There are always sections I look at and can tweak the wording, but there comes a point when you've got to just back away and say it's done. 

Do you recall how your interest in writing originated?
As briefly touched on before, the writing thing might have come about initially as my way of rebelling against finding "deep meaning" in literature. If you want to go further backward in time, I'd say the love of writing came from a love of reading. Once you experience adventures and fall in love with characters, it's sort of natural to want new adventures and new characters to fall in love with. Although I must say, writing has the added bonus of control. Perhaps I'm just a control freak. I don't know. 

Can you share a little of your current work with us?
I usually include ch. 4 as an excerpt, but here's something from Danielle's perspective. She is Jillian's babysitter who was also kidnapped when the men came to fetch Jillian so she could enter her training.

ITEM 16: Danielle’s second journal entry
Item Source: Danielle Matheson, via 54 Post-it notes
I woke up with the headache of all headaches. Whatever that big jerk had shoved into my arm was like drinking hard and taking meth at the same time. (Not that I obtained that bit of knowledge via personal experience.) A very nasty kick in the head would have been kinder. In addition, my arm ached like I’d had a dozen shots and then pitched thirty innings of softball. My hands still stung too, but everything else hurt so much that that particular pain seemed negligible. I tried shaking my head, hoping that would clear away the pain. Big mistake. The pain morphed from not-so-good to very painful to excruciating. It felt like my brains wanted to leak out my ears. If that would have stopped the pain, I’d have been tempted to take the trade.
My first thought was, Owwwww. And my second thought was Jillian!
I think I said her name out loud, but I can’t be sure because I’m pretty sure I passed out again. I seemed to be doing a lot of that. I might have opened my eyes or just thought I did. It didn’t really matter because, like I said, I didn’t stay with it very long. I sensed another person in the room and had the sensation like I wanted to vomit before blissful nothingness slipped me past the headache.
The second time I woke up, I forced myself to lie still and finish the waking process with the least pain possible. Not that I could have moved anyway, since these people obviously had trust issues and had tied me up as well as giving me that wonderful naptime cocktail. My headache came back down to tolerable levels, though every heartbeat was like a dull hammer being slammed to the floor millimeters from my skull. My eyes felt all gummy like I’d slept for a month; my eyeliner must have melted or something.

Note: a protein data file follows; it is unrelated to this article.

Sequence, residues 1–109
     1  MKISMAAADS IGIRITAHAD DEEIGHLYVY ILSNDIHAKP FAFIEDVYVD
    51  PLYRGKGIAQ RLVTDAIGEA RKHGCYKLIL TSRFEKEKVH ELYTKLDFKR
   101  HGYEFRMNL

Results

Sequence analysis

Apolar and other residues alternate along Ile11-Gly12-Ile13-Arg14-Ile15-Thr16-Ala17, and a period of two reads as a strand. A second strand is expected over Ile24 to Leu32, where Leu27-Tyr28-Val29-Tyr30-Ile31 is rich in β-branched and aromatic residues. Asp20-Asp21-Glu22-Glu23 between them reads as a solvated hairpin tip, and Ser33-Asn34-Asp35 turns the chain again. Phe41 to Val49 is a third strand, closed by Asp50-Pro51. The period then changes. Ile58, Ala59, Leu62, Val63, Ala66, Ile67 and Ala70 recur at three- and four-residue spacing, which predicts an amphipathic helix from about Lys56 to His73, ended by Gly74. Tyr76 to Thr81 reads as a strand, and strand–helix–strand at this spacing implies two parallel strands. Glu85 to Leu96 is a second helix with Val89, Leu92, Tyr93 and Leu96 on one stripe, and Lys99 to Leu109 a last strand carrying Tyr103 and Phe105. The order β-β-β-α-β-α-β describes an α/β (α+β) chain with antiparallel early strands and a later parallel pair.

I must look a scary sight.
I winced, partly at the head pain but mostly at the stupidity of worrying about my eyeliner at a time like this.
Someone had left a candle burning a few feet from my head.
Well, that’s dangerous.
Nevertheless, I let myself enjoy the candle’s comforting glow.
What do I do?
Thinking was hard, thanks to my drug-muddled brain. I spent a full minute concentrating on breathing deeply and letting my mind wander back through the last few hours, trying to ignore the clammy touch of my clothes against my skin. Futile as it was, I desperately wanted to find something I could have done differently to make things turn out better.
The tingly sensation in my arms reminded me that my first priority ought to be to get loose.
How in the world did Nancy Drew do this a dozen times?
If Nancy were a real person, she’d probably have brain damage from the number of times she’s been knocked out via good old-fashioned brute force. If this was the price one paid to be a detective, I’d have quit the first time a threatening note floated my way. But I hadn’t been threatened, neither had Jillian, or her family, to my knowledge.
What gives? Why me? I practically whined the questions.
A rumble from deep within my stomach made me resent the kidnappers’ lousy sense of timing.
Ten minutes, just ten minutes, and we would have been happily fed.
Frustrated, I flexed my arms, trying to loosen the bonds. I succeeded only in hurting my arms.
Use your senses!
I closed my eyes and listened, only to hear my stomach announce its empty state again. I sniffed in deeply, which was dumb seeing as I was currently on the floor and probably besieged by a million dust mites. It made my nose itch, but I squelched the urge to sneeze.
“The lady said she was gonna send Dustin in with some food,” Jillian said. She sounded strange, older and calmer somehow. Her voice was not defeated per se, but it held a calculating quality I’d never heard before from anyone, let alone a child.
I craned my neck around to see her, but it was awkward because I’d landed on the floor near the center while she was somewhere near the back wall, effectively above my head. I could tell the room was tiny, even though the candlelight led to lousy depth perception. Sometimes you can just sense things like that. It’s like the walls were all crowding purposefully close, trying to make us sense their presence. Or maybe the drug was just playing with my head.
“Are you okay?” I asked, trying to hold my voice steady. Nearly gave myself a sore throat for my trouble.